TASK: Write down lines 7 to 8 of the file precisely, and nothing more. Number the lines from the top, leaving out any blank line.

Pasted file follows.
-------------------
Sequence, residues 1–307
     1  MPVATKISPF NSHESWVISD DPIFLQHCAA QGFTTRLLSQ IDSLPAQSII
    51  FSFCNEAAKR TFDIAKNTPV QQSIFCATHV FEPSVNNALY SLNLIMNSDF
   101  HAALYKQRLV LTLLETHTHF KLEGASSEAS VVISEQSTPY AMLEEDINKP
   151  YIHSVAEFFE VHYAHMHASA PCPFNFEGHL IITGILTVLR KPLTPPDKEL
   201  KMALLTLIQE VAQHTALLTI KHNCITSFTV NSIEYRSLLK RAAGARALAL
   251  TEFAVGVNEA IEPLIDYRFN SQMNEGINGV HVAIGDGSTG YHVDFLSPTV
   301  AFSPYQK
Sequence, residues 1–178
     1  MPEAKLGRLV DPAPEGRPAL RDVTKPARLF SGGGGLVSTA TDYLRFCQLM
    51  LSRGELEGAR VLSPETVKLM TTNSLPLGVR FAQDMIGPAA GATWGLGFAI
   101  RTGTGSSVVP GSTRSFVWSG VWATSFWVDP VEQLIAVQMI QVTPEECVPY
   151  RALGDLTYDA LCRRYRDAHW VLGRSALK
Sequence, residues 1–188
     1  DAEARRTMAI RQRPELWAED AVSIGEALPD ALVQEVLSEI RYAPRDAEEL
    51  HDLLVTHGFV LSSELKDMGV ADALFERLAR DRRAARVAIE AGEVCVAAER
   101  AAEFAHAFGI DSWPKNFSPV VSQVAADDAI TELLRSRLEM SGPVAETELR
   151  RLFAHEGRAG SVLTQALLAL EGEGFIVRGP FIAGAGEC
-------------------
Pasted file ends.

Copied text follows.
   251  TEFAVGVNEA IEPLIDYRFN SQMNEGINGV HVAIGDGSTG YHVDFLSPTV
   301  AFSPYQK